The Enid News and Eagle, Enid, OK

Community News Network

November 22, 2012

Slate: Macy's parade contributes to loss of helium supplies

(Continued)

Since the United States is the biggest supplier of helium globally, the market value for helium has been artificially lowered. While some other countries (Canada, Russia, and Algeria) produce helium, they collectively supply only 22 percent of global demand. When the act was first passed, the price set was close to double the market price. The stock was not depleted, and in fact, a 2000 report by the NAS concluded that everything was going fine and that the price the BLM was asking was still above market value, writing, "Based on the information assembled for this report, the committee believes that the Helium Privatization Act of 1996 will not have a substantial impact on helium users," in part because "[s]ince the mid-1980s, there have been no drastic increases in the price of helium and no shortages of supply." But then global demand increased and the price tripled by 2008. U.S. consumption actually decreased, but that was more than offset by increased use abroad — primarily in Asia for semiconductor and fiberoptics industries. The market bought just about every cubic foot of helium the reserve would ship, and more than half of the reserve has been depleted.

In 2010, the NAS issued a new report that detailed the slow-moving disaster, concluding that the law "could amount to a taxpayer-financed subsidy for consumption of this scarce publicly owned resource." The reserve was being tapped too quickly, supplying one-third of world demand. Worse, since the price of helium from the reserve is so low, companies are discouraged from purifying helium because they can't get a fair price for it. Natural gas companies have little incentive to invest in the equipment and energy necessary to purify it, especially when the helium concentration is low-so the helium is being lost to the atmosphere.

Text Only
Community News Network
  • Wal-Mart to cut prices more aggressively in back-to-school push

    Wal-Mart Stores plans to cut prices more aggressively during this year's back-to-school season and will add inventory to its online store as the chain battles retailers for student spending.

    July 21, 2014

  • Hospitals let patients schedule ER visits

    Three times within a week, 34-year-old Michael Granillo went to the emergency room at Northridge Hospital Medical Center in Los Angeles because of intense back pain. Each time, Granillo, who didn't have insurance, stayed for less than an hour before leaving without being seen by a doctor.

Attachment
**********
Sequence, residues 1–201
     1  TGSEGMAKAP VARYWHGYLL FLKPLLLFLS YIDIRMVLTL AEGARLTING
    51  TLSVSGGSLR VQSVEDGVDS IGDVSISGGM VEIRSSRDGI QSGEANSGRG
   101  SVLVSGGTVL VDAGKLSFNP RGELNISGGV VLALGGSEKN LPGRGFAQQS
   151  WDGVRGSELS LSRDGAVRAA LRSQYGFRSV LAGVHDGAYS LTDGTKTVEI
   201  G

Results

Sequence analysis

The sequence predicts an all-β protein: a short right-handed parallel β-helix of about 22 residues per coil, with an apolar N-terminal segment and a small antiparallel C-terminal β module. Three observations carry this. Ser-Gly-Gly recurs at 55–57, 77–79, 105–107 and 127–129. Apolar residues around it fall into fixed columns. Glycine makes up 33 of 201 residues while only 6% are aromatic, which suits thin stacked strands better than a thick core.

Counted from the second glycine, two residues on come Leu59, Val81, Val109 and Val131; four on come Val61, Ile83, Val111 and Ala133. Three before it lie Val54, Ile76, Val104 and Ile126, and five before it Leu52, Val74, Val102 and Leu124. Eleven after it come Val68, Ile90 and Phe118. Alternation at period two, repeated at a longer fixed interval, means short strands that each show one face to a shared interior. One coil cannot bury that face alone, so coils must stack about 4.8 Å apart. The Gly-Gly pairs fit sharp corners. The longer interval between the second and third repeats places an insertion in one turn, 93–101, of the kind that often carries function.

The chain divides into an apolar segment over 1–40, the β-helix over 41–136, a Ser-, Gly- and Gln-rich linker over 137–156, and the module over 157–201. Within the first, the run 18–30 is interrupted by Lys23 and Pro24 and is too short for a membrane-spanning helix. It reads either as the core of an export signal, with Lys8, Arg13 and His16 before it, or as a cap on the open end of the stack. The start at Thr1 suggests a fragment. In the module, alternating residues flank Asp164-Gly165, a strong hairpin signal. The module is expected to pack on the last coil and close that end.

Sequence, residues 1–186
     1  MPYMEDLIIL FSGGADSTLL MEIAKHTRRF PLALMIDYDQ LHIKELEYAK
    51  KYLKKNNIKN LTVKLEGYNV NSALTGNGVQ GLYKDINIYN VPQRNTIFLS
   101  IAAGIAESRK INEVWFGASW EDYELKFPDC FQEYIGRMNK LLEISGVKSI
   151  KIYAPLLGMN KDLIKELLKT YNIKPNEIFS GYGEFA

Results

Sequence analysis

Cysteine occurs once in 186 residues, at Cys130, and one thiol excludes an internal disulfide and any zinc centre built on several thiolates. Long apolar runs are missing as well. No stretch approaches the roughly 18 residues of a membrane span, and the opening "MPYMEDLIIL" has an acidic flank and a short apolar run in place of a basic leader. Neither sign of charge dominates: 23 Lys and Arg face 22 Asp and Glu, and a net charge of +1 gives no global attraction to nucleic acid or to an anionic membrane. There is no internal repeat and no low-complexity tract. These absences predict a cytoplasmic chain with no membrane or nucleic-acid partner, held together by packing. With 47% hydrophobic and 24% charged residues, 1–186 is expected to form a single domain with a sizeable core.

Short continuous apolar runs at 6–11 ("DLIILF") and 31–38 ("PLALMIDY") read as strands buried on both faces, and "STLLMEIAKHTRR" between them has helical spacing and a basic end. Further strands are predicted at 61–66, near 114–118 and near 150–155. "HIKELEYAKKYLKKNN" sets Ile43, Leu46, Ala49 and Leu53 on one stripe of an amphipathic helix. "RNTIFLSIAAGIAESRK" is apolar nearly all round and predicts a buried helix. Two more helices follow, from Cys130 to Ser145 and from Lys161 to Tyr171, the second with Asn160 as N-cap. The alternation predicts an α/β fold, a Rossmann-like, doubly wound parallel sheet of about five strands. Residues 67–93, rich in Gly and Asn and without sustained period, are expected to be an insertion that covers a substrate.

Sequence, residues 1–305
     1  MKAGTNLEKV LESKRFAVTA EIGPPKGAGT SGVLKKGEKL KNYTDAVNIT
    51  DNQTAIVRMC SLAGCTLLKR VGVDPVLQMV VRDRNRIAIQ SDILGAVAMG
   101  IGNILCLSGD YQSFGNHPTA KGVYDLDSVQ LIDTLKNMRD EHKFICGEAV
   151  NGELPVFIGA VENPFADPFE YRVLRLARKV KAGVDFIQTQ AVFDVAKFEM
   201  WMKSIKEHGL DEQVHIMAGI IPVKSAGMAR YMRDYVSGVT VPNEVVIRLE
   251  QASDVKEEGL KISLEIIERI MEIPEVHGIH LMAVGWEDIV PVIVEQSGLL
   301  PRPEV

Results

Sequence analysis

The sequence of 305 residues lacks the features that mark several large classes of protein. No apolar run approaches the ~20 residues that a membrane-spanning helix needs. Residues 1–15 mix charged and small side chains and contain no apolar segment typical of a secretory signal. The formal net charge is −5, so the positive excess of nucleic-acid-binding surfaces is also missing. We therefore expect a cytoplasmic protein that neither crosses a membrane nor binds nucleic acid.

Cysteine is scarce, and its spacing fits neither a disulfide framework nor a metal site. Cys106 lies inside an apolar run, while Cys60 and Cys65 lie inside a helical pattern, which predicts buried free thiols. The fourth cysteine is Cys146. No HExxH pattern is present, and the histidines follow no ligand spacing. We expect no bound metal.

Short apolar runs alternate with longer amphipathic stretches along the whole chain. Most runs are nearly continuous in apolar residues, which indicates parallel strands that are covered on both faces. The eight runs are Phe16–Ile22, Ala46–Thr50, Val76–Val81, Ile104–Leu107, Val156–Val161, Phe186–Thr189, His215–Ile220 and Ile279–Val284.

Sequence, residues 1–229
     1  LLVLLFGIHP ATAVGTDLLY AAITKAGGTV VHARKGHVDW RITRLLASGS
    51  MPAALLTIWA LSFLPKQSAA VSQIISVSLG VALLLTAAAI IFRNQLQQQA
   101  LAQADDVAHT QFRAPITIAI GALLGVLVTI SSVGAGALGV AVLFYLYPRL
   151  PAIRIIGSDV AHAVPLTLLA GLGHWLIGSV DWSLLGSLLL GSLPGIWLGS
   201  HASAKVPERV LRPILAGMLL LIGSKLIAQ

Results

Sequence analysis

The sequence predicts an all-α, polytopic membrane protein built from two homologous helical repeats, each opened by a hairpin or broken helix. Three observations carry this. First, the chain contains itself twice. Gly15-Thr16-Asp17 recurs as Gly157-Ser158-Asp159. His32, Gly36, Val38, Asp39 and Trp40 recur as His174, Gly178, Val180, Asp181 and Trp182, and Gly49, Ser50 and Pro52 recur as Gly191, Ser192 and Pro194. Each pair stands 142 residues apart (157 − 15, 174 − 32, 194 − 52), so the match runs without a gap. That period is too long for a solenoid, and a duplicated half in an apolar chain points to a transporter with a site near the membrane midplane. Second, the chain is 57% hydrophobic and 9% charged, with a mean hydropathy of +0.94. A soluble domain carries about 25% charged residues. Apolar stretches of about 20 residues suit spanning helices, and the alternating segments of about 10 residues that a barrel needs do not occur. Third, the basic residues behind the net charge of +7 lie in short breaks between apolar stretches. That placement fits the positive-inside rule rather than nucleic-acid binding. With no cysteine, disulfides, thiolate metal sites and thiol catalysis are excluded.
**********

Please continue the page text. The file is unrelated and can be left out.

July 21, 2014

  • Starved Pennsylvania 7-year-old weighed only 25 pounds

    A 7-year-old Pennsylvania boy authorities described as being so underweight he looked like a human skeleton has been released from the hospital.

    July 21, 2014

  • Malaysians wonder 'Why us?' after second loss of airline jet

    It was all too familiar. Grieving families rushing to airport. The flashing television graphics of a plane's last radar appearance. The uncomfortable officials before a heavy thicket of microphones.
    For many Malaysians, the disappearance of Flight 370 in March has been a long trauma from which the nation has not yet recovered.

    July 18, 2014

  • A quarter of the world's most educated people live in the 100 largest cities

    College graduates are increasingly sorting themselves into high-cost, high-amenity cities such as Washington, New York, Boston and San Francisco, a phenomenon that threatens to segregate us across the country by education.

    July 18, 2014

  • Your chocolate addiction is only going to get more expensive

    For nearly two years, cocoa prices have been on the rise. Finally, that's affecting the price you pay for a bar of chocolate - and there's reason to believe it's only the beginning.

    July 18, 2014

  • Facebook tests button to let people shop from its website

    Members on desktop computers or mobile devices can click a "buy" button to make purchases through advertisements or other posts on the world's largest social network, the Menlo Park, California-based company said Thursday in a blog post.

    July 17, 2014

  • The terrible history of passenger planes getting shot out of the sky

    What is more clear is that, if initial reports are true, this would be the deadliest incident of a civilian passenger plane being shot down in modern memory. In some instances, the causes of the disaster are still shrouded in mystery. Here are some of the worst events.

    July 17, 2014

  • 130408_NT_BEA_good kids We're raising a generation of timid kids

    A week ago, a woman was charged with leaving her child in the car while she went into a store. Her 11-year-old child. This week, a woman was arrested for allowing her 9-year-old daughter to go to the park alone. Which raises just one question: America, what the heck is wrong with you?

    July 17, 2014 1 Photo

  • web_starbucks-cof_big_ce.jpg Starbucks sees more Apple-like stores after Colombia debut

    This week Starbucks opened its first location in Colombia — a 2,700-square-foot store with a heated patio, concrete columns, mirrors on the ceiling and walls of colorful plants.

    July 17, 2014 1 Photo